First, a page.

Welcome back to the Journey Podcast! On this episode of the podcast, Terry and Sarah are talking about what being a Journey Coach looks like and the general characteristics of a good coach.
Transcription of the Podcast
Sarah: Hello, hello. Welcome back to the Journey Podcast. I’m Sarah Banowetz and I have Terry Carlson her today, and we are talking about what it takes if you would like to be a Journey coach.
Sarah: Terry, can you answer that question?
Terry: I’ll give it a try. Basically what I think Sarah’s trying to get at is, if somebody out there that’s listening has kind of listened to some of the other podcasts, if you haven’t, I ask you to go back and kind of re-listen to. We’ve talked in other podcasts about how coaching is different from counseling, how coaching is different from life coaching, or how Journey coaching is different from life coaching. We’ve kind of distinguished it among some of the other things. And so if you’ve gone through and you’ve listened to that stuff and you say, “Yeah. This really strikes with me. I really think I’d like to be a part of Journey and I’d like to do some coaching,” then I would really encourage you give us a call or email us or text us or message us, any of those contact points that we have. We can kind of talk further about what that looks like
Terry: But I’ll give you some basics here. The very first thing I’ll ask if somebody talks to me on the phone is are you willing to be coached yourself? If you haven’t already gone through the Journey process, it’s a seven session process, typically, and in that time period you go through your own story, your strengths, your weaknesses. You’re looking at how you’re wired up. This is really a key part for a coach, partly because if you’re going… There are certain kind of characteristics that make somebody a better coach than others. And so you’ll want to know, first of all, is this something that’s in a strength area of mine. One of the things that Journey does is it helps you identify how are you matched or mismatched with your strengths and your weaknesses. And so we really want to encourage somebody to do the coaching, to be a coach if they feel like this is an area in their strengths.
Terry: Some of the things that you’re going to also kind of look at is what… One of the things about going through the coaching yourself is it helps you be a little bit more self aware of the things that are in your story and how that might pertain. It might make you a little more aware of how somebody else going through the coaching process might feel. There’s uncertainties. There’s some fears sometimes when you’re talking about strengths or weaknesses and if you’ve gone through it yourself you can say, “Hey, I understand. I totally understand that it’s a little difficult to talk about these things.”
Sarah: What about some characteristics of the coach?
Terry: Well I think the very first characteristic I would out in that category is good listening, good active listening skills. A coach is really somebody who listens. They’re not the expert. They’re just somebody else who’s been on a journey that’s similar and you want to be able to listen very carefully to what the person’s story is. And an active listener kind of shows that they are listening by the way that their body language is and by the questions that they ask in return to kind of encourage somebody.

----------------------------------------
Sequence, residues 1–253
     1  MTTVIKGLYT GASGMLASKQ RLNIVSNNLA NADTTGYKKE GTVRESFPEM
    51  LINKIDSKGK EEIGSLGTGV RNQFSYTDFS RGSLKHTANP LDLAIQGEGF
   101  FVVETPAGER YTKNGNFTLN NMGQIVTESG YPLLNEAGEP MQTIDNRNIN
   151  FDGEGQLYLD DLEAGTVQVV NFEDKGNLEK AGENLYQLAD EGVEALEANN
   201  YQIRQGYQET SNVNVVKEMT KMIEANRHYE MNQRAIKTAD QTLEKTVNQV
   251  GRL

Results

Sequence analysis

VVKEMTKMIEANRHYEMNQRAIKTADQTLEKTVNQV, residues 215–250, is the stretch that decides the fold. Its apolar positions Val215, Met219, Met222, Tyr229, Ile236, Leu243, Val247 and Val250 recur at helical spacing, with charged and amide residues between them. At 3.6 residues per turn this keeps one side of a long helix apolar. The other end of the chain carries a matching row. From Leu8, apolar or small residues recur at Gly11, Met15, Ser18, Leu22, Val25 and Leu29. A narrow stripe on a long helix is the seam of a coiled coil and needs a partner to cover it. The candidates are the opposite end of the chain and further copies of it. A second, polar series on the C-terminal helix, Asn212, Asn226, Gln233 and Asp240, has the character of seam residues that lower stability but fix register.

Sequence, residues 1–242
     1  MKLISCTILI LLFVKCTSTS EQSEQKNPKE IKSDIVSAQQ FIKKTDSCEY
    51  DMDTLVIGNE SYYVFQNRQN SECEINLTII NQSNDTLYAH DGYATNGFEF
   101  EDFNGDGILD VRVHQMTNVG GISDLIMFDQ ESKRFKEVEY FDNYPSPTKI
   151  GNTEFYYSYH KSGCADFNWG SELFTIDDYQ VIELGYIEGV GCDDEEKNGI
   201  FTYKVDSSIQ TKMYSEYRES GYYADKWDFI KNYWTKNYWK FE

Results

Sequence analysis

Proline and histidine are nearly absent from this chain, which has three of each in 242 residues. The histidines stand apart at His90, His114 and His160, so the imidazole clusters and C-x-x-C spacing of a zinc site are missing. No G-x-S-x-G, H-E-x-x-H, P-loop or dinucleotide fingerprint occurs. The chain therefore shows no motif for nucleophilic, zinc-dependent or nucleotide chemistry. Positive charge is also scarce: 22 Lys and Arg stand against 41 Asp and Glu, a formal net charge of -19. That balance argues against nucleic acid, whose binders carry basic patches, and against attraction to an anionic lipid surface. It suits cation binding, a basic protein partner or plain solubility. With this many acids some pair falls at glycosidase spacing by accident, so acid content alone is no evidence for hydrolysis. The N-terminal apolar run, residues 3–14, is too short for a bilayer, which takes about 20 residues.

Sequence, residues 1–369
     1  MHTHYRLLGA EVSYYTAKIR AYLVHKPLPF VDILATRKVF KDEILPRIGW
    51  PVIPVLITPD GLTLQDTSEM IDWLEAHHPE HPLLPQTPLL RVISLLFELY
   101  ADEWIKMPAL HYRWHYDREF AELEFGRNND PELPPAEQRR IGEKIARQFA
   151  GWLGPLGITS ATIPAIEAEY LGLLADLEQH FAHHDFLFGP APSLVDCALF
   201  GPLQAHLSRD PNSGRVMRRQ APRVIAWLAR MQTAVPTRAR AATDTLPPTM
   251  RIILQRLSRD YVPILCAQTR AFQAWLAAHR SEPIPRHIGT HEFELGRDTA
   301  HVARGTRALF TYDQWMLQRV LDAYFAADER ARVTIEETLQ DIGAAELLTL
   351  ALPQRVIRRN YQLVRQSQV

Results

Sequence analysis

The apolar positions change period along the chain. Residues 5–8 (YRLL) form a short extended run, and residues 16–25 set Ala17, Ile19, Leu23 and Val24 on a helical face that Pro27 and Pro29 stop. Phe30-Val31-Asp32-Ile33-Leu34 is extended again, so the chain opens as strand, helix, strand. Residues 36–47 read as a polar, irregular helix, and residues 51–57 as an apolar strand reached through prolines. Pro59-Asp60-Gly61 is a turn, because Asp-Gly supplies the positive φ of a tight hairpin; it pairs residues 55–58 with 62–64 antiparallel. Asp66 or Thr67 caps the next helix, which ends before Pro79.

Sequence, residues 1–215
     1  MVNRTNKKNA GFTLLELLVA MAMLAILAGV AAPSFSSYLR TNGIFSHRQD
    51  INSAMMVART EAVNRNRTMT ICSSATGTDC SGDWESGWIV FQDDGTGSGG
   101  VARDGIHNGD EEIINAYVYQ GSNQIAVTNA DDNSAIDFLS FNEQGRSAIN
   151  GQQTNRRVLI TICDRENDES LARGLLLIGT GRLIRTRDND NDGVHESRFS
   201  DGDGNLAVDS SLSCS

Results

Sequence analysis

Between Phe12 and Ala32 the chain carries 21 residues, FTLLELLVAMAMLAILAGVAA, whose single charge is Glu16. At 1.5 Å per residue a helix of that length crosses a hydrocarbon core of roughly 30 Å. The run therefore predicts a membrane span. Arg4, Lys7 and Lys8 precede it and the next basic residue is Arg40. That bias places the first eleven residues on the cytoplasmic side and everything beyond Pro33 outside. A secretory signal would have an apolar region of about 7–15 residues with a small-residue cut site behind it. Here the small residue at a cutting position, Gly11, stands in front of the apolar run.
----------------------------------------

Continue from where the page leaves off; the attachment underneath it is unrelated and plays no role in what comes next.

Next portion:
Terry: So good listening skills. Someone who isn’t very, very quick to offer advice. It’s not your place to really offer advice, but it does help as you’re listening to kind of say, “Oh, that’s an interesting concept. It’s an interesting story.” You might take somebody, as you’re listening to the story, you might say something along the line of, “Oh, what strengths have you… That was an interesting event that you went through. Did you learn anything about yourself?” And so they’re kind of good at asking questions and not really quick to offer advice.
Terry: A good coach will be pretty non-judgemental. They’ll have an attitude of unconditional acceptance. There may be things that you’re listening to as a coach that other people may have a different lifestyle, a different worldview than you. Can you listen to somebody else’s perspective and ask questions or have conversations, but not be judgemental about them? A good coach will have pretty good relationship building skills. Being able to talk openly and freely with somebody that you don’t really know that well.
Terry: And I think the last one I’d like to point out here, and I know there’s more and again, if you contact us we’ll give you some more information, but the last one I would list here, today, is to build trust and to keep someone’s confidences and show their respect. All of that is a way of building that trust. If you can keep their confidence, if you’re hearing something, it’s kind of like what they say about Las Vegas, what’s said here stays here. A good coach keeps the person’s confidences and doesn’t share them with anybody outside of that relationship. It helps to build trust and it shows respect.
Sarah: Thank you for the insight, Terry. And if anyone is interested in talking more with someone about the potential of being a Journey coach, please reach out to Terry at journeycoaching.org. You can also find us at journeycoaching.org, on Facebook, Instagram, Twitter. And yeah, so reach out to us and ask us questions and we will talk to you soon. Thank you. Bye.
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